Dublin Review 63

While studying for a Master’s in psychoanalysis, and undergoing analysis himself, Rob Doyle developed a fascination with the French novelist and philosopher Georges Bataille, who advocated a return to the sacred via extreme sex and violence. Last summer, while living in Paris, Doyle visited the places where Bataille lived and worked, and then lit out for the pretty Burgundian hill town of Vézelay, a quiet site of Catholic pilgrimage where Bataille lived for a time and chose to be buried. His essay ‘To the Point of Death’ traces a fascination that had just about exhausted itself by the time he reached Bataille’s stone in the country graveyard, but that took on new relevance after a brush with death back in Paris.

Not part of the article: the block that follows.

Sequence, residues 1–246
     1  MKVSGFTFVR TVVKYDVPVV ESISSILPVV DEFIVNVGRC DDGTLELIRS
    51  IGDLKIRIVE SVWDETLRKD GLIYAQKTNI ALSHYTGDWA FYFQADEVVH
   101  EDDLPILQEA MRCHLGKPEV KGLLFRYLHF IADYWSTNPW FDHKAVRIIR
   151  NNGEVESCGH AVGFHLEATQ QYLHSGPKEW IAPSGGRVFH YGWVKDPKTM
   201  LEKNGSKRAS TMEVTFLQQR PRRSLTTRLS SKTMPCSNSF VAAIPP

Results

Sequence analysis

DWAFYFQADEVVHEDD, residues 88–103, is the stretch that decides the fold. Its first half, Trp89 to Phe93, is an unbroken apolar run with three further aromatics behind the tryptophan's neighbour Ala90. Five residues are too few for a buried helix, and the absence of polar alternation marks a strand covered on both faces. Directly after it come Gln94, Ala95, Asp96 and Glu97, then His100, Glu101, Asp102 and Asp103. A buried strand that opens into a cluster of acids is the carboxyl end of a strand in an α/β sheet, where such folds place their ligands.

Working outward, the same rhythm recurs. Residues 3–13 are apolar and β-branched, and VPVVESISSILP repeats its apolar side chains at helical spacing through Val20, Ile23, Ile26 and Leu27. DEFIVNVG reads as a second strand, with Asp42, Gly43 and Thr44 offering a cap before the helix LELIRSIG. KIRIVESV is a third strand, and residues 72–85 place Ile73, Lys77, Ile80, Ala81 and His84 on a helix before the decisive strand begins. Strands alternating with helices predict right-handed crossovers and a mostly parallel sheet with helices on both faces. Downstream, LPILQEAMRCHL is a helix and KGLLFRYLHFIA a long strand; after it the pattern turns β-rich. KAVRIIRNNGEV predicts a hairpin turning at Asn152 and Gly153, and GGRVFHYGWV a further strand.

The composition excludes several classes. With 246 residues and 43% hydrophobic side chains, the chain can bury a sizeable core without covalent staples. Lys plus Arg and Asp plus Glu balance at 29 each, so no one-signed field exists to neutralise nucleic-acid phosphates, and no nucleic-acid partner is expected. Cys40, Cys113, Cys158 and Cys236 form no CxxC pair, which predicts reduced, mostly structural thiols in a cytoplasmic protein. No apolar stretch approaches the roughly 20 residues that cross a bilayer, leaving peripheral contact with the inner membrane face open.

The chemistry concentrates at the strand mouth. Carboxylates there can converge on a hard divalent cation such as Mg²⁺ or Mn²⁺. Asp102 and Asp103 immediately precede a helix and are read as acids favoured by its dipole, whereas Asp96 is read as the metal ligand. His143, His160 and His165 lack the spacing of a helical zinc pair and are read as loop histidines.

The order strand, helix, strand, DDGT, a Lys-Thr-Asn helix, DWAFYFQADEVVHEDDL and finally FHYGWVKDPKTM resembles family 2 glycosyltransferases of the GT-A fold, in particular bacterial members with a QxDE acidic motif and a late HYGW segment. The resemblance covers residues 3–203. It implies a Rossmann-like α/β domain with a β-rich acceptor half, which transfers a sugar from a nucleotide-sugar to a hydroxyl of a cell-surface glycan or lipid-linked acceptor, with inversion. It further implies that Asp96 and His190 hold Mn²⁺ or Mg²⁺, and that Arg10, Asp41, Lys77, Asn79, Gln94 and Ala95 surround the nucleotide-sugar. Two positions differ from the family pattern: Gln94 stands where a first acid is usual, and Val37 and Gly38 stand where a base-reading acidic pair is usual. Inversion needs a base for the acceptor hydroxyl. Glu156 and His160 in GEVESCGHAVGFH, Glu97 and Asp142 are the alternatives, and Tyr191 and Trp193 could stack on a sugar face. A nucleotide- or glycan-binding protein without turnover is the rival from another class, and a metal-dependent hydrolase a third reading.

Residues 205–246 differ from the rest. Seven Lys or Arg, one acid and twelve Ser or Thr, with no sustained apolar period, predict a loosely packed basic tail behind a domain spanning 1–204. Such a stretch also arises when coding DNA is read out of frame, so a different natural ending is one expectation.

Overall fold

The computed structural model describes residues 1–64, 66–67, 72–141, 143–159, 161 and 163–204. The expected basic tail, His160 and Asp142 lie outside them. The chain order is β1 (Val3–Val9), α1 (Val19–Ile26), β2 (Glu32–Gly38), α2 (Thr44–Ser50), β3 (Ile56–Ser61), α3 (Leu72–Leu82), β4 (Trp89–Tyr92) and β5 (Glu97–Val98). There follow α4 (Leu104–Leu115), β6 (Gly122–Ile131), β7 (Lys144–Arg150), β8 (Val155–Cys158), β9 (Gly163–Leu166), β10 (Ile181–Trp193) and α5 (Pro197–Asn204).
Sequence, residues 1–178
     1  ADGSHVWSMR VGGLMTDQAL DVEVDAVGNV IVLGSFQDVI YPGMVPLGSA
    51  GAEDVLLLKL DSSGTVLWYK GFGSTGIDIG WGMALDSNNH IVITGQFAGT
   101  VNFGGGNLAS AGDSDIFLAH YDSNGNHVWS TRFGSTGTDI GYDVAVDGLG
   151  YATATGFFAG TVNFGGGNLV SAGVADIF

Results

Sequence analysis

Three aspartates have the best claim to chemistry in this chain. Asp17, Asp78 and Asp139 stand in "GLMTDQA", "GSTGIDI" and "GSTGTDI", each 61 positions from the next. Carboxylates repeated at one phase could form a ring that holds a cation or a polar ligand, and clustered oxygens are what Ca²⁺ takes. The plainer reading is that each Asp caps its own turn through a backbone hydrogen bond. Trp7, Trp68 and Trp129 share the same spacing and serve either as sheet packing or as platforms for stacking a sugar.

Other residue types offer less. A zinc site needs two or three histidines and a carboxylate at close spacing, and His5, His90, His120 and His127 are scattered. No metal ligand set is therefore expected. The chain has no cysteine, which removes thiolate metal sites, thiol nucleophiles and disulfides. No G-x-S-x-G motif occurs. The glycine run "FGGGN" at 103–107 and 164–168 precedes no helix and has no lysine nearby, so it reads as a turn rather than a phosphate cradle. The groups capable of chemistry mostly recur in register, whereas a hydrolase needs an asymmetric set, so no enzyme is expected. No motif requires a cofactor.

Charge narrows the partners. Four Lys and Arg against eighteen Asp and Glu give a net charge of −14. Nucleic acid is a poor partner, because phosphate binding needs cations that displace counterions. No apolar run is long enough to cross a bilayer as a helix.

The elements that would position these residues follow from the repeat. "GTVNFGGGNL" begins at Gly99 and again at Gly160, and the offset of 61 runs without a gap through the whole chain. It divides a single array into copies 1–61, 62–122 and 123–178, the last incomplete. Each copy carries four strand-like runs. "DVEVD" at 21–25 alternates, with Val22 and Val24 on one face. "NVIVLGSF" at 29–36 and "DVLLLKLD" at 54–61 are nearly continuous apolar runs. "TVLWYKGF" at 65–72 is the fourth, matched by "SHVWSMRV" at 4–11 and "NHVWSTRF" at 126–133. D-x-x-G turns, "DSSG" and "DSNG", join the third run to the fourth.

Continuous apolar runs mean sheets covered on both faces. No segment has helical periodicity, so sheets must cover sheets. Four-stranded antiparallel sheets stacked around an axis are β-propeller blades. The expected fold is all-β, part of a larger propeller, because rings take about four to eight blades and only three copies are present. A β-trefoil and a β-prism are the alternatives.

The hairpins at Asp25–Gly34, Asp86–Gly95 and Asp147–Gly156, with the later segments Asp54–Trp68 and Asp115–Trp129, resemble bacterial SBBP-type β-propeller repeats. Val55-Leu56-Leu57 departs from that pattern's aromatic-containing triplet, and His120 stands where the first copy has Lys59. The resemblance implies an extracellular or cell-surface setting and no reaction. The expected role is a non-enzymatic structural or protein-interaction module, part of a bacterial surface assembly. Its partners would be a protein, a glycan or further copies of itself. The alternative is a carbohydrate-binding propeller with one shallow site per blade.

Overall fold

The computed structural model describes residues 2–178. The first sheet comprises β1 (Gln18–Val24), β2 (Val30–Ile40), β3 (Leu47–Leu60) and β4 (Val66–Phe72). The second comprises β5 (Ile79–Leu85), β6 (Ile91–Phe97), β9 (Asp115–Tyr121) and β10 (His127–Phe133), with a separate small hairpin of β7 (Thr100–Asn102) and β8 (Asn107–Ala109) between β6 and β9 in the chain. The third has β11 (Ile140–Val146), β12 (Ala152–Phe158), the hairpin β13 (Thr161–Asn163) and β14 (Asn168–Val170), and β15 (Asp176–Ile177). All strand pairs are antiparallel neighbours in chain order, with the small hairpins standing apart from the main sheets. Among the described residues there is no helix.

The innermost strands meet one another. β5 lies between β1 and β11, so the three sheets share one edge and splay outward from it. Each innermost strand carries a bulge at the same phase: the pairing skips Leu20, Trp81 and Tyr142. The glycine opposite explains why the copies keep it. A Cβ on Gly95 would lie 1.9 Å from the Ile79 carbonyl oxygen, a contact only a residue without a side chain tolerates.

Also in the summer Dublin ReviewSally Rooney’s brilliant long story ‘Concord 34’; Sally Finn-Kelcey writes about an encounter with a shepherd leading his flock on the transhumance in the Alpes-Maritimes; and short stories by Neil Burkey, Darragh McCauslandMichael Phoenix and Eimear Ryan.